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Long IslandSuffolk

Levy weighing warehouse plan for homeless, sex offenders

Suffolk County for the first time is considering using warehouses in industrial parks to shelter the rising number of homeless, possibly including sex offenders, County Executive Steve Levy said Thursday.

"We are looking to buy a number of warehouses in industrial areas to convert for extra housing on an emergency basis," Levy said in an year-end interview with reporters.

He said the county is eyeing three or four sites and could have a resolution to put before the county legislature within the next month or two.

Gregory Blass, social services commissioner, said the warehouses would be converted to accommodate 15 to 20 homeless residents for overnight stays and 40 to 50 people for daytime programs. He said no decision has been made whether the first site will consist of families or sex offenders but they will not be housed together. He said the county has had preliminary talks with state officials.

Anthony Farmer, spokesman for the Office of Temporary Assistance and Disabilities, said he knows of no county that has used a warehouse for a shelter. But he added the state is "willing to look" at alternative sites as long as they meet state regulations.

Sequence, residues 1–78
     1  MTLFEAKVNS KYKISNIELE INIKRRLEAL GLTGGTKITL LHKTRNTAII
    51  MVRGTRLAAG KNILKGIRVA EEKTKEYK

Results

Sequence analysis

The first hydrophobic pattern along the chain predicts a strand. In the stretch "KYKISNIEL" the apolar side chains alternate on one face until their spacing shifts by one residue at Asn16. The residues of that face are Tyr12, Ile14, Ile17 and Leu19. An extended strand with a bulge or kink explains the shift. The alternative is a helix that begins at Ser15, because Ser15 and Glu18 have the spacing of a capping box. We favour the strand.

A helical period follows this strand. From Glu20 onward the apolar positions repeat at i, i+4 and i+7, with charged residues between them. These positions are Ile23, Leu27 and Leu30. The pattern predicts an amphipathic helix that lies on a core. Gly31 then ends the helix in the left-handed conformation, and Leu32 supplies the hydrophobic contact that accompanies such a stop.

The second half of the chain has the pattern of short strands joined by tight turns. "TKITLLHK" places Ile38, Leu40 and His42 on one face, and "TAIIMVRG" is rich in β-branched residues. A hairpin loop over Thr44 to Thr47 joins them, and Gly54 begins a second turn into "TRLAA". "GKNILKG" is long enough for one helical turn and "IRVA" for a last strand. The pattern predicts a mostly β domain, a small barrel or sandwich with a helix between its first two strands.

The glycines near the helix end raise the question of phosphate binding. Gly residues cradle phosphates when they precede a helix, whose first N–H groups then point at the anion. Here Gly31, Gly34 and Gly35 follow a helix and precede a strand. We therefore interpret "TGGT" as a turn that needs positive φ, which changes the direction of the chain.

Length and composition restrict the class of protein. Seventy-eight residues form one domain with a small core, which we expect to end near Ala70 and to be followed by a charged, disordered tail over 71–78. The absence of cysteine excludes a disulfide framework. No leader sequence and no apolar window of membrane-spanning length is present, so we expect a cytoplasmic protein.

Suffolk is looking at expanding facilities because the sagging economy has nearly doubled the number of homeless in the past year to 355 families and 190 single adults, overwhelming the county network of 50 shelters. Since August, the county has resumed using motels - an expensive practice ended several years ago - for about 60 families.

Blass said he hopes a new facility could be opened by summer if Suffolk can secure state approval.

Officials said industrial park sites are being considered because placing sex offenders has become increasingly difficult in light of new state, county and local laws restricting them from living near schools churches, playground and day care centers.

"It is the unintended consequence of all those 'not in my backyard' pieces of legislation," Levy said. "They thought they were doing a good thing by saying you could not live within 1,000 feet . . . but there's no places left."

Blass could not say whether warehouse shelters would end use of trailers at the Riverhead county jail and county property in Westhampton for homeless sex offenders. But Blass added it might lead to those sites being used as backups or eventually being phased out.

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